Sports Book Review: Bushville Wins! by John Kimla
(Note: As a sports fan and aspiring sports writer, I find it frustrating to read reviews of sports books by writers who do not seem to enjoy sports as much as myself. I have decided to review all of the sports books I read, which is usually one or two a month, to help out others who are also avid readers and want a different perspective in their reviews. I hope this helps.)
Half baseball book, half love letter to the city of Milwaukee.
That one sentence best describes John Kilma's Bushville Wins!.
The book is about the 1957 Milwaukee Braves and their unlikely World Series triumph over the juggernaut New York Yankees.
Kilma chronicles the journey from Boston to Milwaukee, and the way the Milwaukee fans fell in love with the Braves where "between 60,000 to 80,000 fans partied at the train station and on the parade route," and how the fans continued to pack the stadium day after day, with a little help from Fred Miller and The High Life.
He touches on the issues of building a winning team, finding the right manager, racial issues, which were very prevalent at the time, the signing of Henry Aaron, and of course the wild-drinking ways of the Braves players, especially Eddie Mathews and Bob Buhl.
While Mr. Kilma does an excellent job of bringing those teams and the individual games to life, he does perhaps an even better job of bringing out the love affair Milwaukee had with the Braves.
Kilma touches on the way Milwaukee welcomed the team to town the first time they pulled in from Boston, and how they supported the Braves with ticket sales and riotous support. Many national writers and baseball people were skeptical of baseball succeeding in a small city such as Milwaukee, but Kilma explains how it not only survived, but thrived in the small market.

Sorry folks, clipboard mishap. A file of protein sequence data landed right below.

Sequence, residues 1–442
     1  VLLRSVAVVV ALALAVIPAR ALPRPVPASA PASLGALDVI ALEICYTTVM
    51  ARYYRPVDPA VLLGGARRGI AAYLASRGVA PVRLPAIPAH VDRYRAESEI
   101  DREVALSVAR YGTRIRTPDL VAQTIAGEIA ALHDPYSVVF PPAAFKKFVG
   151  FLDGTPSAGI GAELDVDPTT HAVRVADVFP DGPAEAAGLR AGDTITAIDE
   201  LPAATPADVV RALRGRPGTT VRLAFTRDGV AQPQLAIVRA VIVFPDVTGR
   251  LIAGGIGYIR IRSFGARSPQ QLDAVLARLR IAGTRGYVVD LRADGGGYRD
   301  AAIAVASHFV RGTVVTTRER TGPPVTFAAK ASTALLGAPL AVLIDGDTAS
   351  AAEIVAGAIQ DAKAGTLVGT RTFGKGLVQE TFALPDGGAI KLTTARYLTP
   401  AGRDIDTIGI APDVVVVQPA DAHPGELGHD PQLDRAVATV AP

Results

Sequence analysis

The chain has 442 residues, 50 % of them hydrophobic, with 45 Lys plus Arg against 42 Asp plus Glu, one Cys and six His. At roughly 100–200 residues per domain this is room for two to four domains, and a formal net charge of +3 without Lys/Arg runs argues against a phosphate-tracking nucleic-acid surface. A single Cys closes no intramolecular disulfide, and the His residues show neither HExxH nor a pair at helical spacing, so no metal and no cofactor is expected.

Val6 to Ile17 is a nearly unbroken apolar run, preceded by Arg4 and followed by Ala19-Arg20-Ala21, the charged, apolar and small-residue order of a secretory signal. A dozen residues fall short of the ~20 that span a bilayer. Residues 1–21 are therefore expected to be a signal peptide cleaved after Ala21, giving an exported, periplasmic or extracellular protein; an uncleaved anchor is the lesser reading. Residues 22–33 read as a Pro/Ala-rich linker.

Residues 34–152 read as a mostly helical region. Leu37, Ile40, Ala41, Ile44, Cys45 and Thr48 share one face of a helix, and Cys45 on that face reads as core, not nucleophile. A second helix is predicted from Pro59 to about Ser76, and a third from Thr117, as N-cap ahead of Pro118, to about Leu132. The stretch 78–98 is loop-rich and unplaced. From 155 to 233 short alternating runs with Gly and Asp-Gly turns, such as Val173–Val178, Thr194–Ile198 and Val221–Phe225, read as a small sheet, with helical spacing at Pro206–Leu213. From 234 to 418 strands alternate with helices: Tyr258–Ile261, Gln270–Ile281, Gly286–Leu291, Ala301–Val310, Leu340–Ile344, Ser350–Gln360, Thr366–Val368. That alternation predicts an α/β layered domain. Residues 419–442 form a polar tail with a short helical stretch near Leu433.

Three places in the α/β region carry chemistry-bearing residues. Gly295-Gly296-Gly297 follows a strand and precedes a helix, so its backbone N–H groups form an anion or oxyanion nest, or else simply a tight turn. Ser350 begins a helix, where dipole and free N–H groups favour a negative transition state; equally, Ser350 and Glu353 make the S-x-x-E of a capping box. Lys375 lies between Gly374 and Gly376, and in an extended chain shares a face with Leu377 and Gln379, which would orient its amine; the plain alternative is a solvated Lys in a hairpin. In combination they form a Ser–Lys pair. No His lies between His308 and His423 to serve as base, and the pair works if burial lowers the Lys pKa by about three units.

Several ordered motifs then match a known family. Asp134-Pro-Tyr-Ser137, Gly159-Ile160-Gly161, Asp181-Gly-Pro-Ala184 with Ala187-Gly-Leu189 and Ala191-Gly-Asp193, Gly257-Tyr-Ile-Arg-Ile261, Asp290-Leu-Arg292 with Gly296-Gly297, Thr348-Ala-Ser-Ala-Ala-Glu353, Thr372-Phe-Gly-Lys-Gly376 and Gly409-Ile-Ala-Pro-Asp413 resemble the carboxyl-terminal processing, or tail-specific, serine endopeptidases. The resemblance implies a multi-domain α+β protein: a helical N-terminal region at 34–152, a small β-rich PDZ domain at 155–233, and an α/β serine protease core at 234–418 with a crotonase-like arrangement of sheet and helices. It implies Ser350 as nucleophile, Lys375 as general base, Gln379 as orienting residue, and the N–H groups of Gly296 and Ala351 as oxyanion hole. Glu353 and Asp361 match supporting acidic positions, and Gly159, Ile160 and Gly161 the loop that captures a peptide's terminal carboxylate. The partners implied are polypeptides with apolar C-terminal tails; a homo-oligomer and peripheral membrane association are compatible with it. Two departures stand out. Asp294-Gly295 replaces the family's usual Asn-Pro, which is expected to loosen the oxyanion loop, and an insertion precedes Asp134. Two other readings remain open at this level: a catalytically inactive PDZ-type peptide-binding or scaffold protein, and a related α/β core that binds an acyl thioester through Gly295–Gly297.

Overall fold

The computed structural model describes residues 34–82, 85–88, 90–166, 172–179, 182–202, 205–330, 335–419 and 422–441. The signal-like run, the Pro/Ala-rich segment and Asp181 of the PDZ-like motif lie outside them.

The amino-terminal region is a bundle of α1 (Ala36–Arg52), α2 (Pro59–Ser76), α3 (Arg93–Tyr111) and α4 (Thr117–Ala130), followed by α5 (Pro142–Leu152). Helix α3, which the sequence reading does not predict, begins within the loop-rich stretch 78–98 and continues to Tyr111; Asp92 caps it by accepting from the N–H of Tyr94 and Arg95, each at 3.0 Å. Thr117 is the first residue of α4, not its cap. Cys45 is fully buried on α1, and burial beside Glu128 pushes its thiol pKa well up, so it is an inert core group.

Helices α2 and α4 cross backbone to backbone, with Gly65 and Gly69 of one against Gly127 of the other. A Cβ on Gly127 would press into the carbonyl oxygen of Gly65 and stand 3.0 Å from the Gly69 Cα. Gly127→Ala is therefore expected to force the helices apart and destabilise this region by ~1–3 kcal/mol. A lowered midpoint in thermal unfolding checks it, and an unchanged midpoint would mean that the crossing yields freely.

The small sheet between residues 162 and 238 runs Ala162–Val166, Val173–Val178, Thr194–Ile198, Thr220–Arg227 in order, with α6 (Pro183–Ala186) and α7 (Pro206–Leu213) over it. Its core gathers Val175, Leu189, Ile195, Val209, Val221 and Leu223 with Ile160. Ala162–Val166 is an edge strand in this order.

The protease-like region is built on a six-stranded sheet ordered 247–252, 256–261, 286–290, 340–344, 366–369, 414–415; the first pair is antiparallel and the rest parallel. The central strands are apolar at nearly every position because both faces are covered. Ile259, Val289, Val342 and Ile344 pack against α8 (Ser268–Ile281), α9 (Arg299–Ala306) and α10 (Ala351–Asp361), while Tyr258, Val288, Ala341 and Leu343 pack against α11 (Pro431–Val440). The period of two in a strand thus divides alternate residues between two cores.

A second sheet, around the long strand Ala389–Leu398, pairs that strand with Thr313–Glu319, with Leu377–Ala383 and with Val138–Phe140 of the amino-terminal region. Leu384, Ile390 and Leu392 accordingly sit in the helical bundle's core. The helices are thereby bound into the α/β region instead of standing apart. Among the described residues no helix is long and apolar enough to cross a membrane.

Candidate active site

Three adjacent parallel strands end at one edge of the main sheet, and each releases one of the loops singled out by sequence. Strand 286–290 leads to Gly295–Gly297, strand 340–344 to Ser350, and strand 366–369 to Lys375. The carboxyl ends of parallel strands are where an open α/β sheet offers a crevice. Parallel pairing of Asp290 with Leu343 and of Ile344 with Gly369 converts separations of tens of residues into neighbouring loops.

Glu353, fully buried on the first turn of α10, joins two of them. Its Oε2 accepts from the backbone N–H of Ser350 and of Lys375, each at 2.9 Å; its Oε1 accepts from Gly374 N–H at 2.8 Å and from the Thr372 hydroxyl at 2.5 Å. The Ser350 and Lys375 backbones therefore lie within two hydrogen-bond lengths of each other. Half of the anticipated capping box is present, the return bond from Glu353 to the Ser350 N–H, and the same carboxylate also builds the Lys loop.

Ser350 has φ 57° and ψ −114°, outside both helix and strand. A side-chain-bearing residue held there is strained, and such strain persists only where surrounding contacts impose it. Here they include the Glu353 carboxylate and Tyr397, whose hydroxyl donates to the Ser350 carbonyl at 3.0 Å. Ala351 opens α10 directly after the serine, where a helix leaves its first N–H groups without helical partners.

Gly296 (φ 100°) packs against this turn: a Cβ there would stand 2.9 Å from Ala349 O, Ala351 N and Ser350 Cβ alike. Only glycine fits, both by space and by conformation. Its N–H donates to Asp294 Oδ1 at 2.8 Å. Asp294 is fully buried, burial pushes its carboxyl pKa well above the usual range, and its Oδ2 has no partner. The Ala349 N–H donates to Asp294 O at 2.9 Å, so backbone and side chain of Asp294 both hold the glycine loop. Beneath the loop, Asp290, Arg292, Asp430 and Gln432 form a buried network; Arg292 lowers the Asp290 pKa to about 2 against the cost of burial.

Have you read Bushville Wins!, and if so, did you enjoy it?
There is a chapter or two dedicated to the 1956 Braves team, which came very close to winning a World Series, but this book is mostly about the 1957 season. Kilma focuses on how new coach, Fred Haney, came into Spring Training and changed the culture of the team, while still maintaining their hard-drinking, fan-friendly identity.
He tells of how they sustained a lead throughout most of the season, which carried right into seven games of the World Series. On the biggest stage, and with the first televised games from Milwaukee's County Stadium being shown, Kilma details how the city shut down for the Braves. The '57 Braves didn't just capture the imagination of Milwaukee fans, they were the darling of the baseball world.
Perhaps the biggest impact the Bushville Braves had, besides taking down Berra, Mantle and Stengel's Yankees, was beginning the Westward migration of baseball teams. Brewers owner Lou Perini was a trailblazer when he moved the Braves. Walter O'Malley would soon do the same, moving his Dodgers to Los Angeles, followed closely by the Giants.
While it is obvious that the team profiled in this book later became the Atlanta Braves, this book is more about the "Milwaukee" part than the "Braves" part.
Bushville Wins! is an entertaining read for baseball fans, but a must-read for Milwaukee fans. Whether you are old enough to remember the Milwaukee Braves, or are just a big Brewers fan, this book is a Milwaukee baseball story that was long overdue in being told.
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